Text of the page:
Cancer is a remarkably adaptable and formidable foe. Cancer exploits many biological mechanisms to confuse and subvert normal physiologic and cellular processes, to adapt to therapies, and to evade the immune system. Decades of research and significant national and international investments in cancer research have dramatically increased our knowledge of the disease, leading to improvements in cancer diagnosis, treatment, and management, resulting in improved outcomes for many patients.

In melanoma, the V600E mutation in the BRAF gene is now targetable by a specific therapy. BRAF is a serine/threonine protein kinase activating the MAP kinase (MAPK)/ERK signaling pathway, and both BRAF and MEK inhibitors, such as vemurafenib and dabrafenib, have shown dramatic responses in patients carrying the mutation. However, even these successes led to new questions. The same mutation in colorectal cancer is resistant to BRAF inhibitors, suggesting that this mutation interacts in a complex way with other elements in the cell and those interactions may be cell lineage dependent. Exploring mechanisms of resistance to these inhibitors has led to a better understanding of the MAPK/ERK signaling pathway, which in turn has led to identification of new potential therapeutic targets.

The accelerating progress in cancer research has been driven by rapid developments in technology. We have seen profound advances in sequencing technology, in techniques for assaying proteins and metabolites, in imaging capabilities, and in establishing electronic health records. At the same time, advances in mobile computing, pervasive availability of the Internet, and social media have opened new possibilities for understanding the contributing factors leading to cancer as well as the outcomes of treatment at a population scale across the country and even the world. But we often lose sight of the fact that all of these technologies produce only one thing: data. This unprecedented influx of data has only allowed us to advance our understanding because of advances in data management, analysis, and interpretation, all of which are increasingly recognized as essential elements of an integrated cancer research program.

Indeed, these national initiatives have served to increase the awareness of and need for robust investment in both cancer informatics development and in training the next generation of cancer data scientists. The Beau Biden Cancer Moonshot ( identified enhanced data sharing as one of three key elements necessary to accelerate cancer research. The Precision Medicine Initiative highlighted the importance of data-driven cancer research, translational research, and its application to decision making in cancer treatment ( And the National Strategic Computing Initiative highlighted the importance of computing as a national competitive asset and included a focus on applying computing in biomedical research. Articles in the mainstream media, such as that by Siddhartha Mukherjee in the New Yorker in April of 2017 (, have emphasized the growing importance of computing, machine learning, and data in biomedicine.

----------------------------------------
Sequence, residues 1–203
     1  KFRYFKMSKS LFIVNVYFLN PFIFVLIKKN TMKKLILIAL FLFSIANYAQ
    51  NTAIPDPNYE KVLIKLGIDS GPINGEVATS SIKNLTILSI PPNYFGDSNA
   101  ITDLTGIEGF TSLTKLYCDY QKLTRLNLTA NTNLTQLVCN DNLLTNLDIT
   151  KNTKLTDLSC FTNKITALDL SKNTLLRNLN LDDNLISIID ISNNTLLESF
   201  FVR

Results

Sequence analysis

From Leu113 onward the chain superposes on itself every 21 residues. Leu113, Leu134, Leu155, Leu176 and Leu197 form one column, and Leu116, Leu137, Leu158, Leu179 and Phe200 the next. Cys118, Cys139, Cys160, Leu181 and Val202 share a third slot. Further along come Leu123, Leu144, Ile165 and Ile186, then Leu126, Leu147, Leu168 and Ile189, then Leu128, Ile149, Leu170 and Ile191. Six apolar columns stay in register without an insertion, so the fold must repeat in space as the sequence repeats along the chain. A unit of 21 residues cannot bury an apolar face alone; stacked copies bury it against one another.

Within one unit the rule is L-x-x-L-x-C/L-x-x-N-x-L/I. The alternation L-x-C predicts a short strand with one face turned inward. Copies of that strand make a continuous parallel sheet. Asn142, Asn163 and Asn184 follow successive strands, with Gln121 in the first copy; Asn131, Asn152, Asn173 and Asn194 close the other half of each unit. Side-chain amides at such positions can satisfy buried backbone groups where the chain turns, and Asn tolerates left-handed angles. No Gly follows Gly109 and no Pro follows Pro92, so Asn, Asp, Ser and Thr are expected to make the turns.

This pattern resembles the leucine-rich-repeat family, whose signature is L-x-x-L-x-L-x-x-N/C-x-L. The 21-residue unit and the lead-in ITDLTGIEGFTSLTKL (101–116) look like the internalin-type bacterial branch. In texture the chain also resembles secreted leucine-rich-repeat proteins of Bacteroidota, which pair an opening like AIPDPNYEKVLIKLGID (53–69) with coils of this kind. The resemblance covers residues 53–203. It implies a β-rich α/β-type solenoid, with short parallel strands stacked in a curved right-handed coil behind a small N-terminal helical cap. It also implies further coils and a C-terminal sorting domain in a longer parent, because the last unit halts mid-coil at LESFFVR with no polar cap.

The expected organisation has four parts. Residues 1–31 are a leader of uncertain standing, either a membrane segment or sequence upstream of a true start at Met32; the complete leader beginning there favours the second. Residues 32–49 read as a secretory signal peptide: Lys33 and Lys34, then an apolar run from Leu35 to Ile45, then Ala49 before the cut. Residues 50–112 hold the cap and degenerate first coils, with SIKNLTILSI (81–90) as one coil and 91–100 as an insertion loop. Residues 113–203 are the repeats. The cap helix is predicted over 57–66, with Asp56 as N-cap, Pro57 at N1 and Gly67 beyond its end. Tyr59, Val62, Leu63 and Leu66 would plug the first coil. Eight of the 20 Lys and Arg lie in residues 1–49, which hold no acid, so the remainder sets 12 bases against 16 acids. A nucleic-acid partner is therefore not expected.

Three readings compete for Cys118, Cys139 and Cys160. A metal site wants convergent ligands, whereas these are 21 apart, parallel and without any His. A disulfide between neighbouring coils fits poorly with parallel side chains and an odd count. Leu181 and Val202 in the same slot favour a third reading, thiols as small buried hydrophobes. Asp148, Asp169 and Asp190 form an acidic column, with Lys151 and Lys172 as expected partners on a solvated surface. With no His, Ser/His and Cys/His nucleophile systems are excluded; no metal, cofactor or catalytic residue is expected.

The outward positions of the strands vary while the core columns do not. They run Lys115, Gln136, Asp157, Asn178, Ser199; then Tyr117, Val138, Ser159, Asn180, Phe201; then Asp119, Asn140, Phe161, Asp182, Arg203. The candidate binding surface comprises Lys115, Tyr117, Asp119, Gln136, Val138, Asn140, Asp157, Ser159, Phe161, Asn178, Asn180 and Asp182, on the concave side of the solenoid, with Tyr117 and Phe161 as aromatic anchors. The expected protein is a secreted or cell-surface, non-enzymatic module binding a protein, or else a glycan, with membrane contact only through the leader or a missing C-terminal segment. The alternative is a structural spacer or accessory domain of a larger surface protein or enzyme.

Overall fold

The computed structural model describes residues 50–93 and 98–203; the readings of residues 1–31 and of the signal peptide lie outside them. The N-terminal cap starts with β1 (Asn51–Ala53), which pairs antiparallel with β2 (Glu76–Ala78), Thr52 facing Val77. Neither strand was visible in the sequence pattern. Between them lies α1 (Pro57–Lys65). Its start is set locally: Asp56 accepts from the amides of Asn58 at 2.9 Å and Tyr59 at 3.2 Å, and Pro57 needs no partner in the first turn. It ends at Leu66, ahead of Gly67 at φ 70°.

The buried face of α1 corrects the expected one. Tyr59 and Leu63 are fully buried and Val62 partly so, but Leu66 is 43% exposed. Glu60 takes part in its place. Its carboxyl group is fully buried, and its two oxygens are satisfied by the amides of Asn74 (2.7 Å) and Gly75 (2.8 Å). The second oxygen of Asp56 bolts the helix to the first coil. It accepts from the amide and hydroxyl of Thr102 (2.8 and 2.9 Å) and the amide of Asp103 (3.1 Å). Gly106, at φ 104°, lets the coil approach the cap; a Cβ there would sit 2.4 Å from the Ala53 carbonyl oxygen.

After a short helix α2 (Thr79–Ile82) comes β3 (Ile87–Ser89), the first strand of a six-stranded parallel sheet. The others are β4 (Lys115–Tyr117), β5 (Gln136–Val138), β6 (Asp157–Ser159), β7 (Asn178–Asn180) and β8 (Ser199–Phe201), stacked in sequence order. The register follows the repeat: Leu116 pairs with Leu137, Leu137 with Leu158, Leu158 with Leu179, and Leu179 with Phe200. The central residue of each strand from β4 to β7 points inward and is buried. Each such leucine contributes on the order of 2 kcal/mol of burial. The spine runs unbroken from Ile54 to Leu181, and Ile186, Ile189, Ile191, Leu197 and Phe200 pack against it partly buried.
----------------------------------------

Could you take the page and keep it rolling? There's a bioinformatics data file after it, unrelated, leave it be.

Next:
The NCI (Rockville, MD) recognized the need to invest in informatics. In 2011, it established a funding opportunity, Informatics Technology for Cancer Research (ITCR) (, designed to support new algorithms, new methodologies, and the maturation of tools and techniques necessary to harness the power of data and computation for cancer researchers. Since its inception, the ITCR has funded 49 applications that support cancer informatics in areas that include DNA sequence analysis and interpretation, extraction of information from clinical records, systems biology and network medicine, proteomics, metabolomics, emerging fields such as radiomics, and application of machine learning and artificial intelligence to a host of research problems. A guiding principle of the ITCR program is that projects address relevant needs in cancer research so that resultant algorithms and tools provide value not only to data scientists, but also to the broader community of basic, clinical, and translational scientists.